Now don’t get me wrong, I have had a load of fun ‘on-shift’.  The egg-and-spoon races in Sweden, Bruce and I having a microwavable ‘breakfast’ during one of our endless night shifts in Iceland.  The day my security patrol became the mounted branch (on bicycles) in Japan.  These were fantastic fun with fantastic people, but we all want to see the site, meet new people, explore cultures and food.

However, as I’ve said elsewhere, we are there to do a job.  Whatever our job there is, whether running activities or unloading lorries, doing admin or being a paramedic, every job is vital to the Jamboree as a whole.

A prime example would be from when I worked as a ‘Safety’ Steward (Security) in Japan.  Safety/Security is usually one of the biggest departments at a Jamboree.  We were all assigned to teams and given duties and ‘beats’ (for lack of a better word), but through some oversight or other, the organisers had forgotten that the ceremonies would need security.  So we were asked to volunteer to help with these over and above our usual duties.  On the day of the closing ceremony I worked 0600-1200 on traffic duty, went to have lunch, had a nap and at about 1600 reported for duty in the arena where I stayed until about 2200 – only to report back at 0600 the next morning to support the participant departures.

My duty post was about twenty feet from the stage, so I got a really unique view of what was going on – probably the best seat in the house for parts of it.  I got to stand in front of nearly 33,000 people from all over the world and watch them enjoy the ceremony.  It’s an experience I’ll never forget and I even remembered to take a photo to commemorate it.  Pity I’m so bad at selfies.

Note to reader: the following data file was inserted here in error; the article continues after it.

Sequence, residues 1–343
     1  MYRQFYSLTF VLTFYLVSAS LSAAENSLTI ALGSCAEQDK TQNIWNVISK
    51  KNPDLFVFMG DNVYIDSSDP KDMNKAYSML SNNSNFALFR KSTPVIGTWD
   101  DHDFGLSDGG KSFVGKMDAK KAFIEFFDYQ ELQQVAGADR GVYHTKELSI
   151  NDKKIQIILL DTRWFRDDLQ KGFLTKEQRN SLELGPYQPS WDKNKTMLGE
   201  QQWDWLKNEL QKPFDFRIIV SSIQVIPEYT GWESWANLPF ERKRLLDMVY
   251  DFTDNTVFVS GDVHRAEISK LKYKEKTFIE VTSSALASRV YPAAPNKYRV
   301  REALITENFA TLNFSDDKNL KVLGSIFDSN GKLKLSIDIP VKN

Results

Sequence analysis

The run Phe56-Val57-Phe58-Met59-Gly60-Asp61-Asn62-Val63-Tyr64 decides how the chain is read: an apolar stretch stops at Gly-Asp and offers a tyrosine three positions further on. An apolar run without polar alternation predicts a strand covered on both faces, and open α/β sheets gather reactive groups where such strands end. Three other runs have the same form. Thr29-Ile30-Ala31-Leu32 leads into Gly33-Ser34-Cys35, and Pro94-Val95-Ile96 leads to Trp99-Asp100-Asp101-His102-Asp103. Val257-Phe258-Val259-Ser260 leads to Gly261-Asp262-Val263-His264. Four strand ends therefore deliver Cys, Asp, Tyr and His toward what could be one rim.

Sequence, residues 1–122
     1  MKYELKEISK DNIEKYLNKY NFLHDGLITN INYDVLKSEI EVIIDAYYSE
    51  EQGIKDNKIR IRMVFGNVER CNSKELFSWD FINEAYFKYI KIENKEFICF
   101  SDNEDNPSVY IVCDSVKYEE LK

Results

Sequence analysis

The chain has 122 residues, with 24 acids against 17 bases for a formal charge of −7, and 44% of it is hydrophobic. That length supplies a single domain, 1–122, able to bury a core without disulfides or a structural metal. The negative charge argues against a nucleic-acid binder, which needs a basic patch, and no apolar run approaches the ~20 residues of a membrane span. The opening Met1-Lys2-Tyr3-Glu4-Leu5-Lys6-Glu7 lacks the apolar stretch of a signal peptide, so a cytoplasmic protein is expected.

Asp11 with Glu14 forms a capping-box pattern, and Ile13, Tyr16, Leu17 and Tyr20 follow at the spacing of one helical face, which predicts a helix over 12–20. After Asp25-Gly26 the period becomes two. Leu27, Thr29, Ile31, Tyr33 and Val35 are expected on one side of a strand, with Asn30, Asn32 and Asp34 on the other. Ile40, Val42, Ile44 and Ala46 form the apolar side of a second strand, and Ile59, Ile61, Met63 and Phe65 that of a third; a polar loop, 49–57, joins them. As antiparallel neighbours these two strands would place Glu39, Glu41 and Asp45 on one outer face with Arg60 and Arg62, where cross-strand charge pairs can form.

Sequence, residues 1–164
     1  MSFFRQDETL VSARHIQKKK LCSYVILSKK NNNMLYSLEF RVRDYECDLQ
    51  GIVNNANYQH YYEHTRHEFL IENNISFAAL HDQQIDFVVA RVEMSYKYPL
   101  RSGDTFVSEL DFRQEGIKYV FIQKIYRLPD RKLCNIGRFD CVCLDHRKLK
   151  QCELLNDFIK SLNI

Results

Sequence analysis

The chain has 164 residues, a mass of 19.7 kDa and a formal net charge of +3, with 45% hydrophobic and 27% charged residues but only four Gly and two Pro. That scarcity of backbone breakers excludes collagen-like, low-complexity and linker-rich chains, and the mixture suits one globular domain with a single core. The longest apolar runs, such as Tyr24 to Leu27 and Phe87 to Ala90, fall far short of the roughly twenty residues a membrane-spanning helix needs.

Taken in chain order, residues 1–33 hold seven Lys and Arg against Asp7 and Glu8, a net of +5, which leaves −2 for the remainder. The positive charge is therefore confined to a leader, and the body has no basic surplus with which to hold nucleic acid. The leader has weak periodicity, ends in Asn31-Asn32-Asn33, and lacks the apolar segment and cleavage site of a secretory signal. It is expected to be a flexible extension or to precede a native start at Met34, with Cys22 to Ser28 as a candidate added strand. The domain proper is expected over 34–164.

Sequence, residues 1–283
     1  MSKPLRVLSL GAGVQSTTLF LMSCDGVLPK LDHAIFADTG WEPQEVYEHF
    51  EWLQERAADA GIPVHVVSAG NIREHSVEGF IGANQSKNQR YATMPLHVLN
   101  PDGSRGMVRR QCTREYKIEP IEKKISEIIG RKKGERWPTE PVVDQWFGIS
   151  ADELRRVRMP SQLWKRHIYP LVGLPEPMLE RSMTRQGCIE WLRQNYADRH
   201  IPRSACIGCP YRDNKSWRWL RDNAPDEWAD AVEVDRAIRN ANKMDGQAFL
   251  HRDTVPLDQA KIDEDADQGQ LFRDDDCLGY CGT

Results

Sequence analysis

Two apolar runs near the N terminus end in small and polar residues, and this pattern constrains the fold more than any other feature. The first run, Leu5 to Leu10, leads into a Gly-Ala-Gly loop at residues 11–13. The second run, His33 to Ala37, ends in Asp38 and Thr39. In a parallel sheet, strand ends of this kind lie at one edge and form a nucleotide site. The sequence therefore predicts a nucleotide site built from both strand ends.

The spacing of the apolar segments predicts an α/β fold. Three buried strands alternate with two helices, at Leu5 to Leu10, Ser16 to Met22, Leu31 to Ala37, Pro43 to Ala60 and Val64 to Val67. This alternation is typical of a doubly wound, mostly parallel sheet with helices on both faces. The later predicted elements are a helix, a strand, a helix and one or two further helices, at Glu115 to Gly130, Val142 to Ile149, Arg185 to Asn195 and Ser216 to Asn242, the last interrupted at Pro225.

About 20 feet from the stage!
And, in front of the world!

Similarly, as part of the ‘IST Gathering’ weekend for Sweden way back in 2010 I remember we were given a piece of a jigsaw puzzle as we registered.  We were told to keep it with our ID and not loose it.  All would become clear in course.  Later in the weekend, we were organised into regional groups.  The Scots, Northern Irish and Welsh were all grouped together (somewhat oddly given the geography) and we were asked to produce our jigsaw piece.  As a regional group we assembled a jigsaw that was part of a map of the Jamboree site.  When all the regional groups were brought together it became clear that each group had made part of the map so that the IST together made up the whole picture.

We’re all part of a bigger picture, even if we can’t see it

What’s the moral of this story within a story?  We are all part of a bigger picture.  We might not realise it stacking shelves in a warehouse, or sat in an office putting numbers into a spreadsheet, or hidden in the IST Kitchen peeling potatoes, but we are all critical to the overall success of the Jamboree.  Without the activity instructors, the activities wouldn’t run.  Without the medical team, there would be no first aid or emergency provision.  Without Participant food, no-one would eat.  Without the admin and HR functions, the whole system would grind to a halt.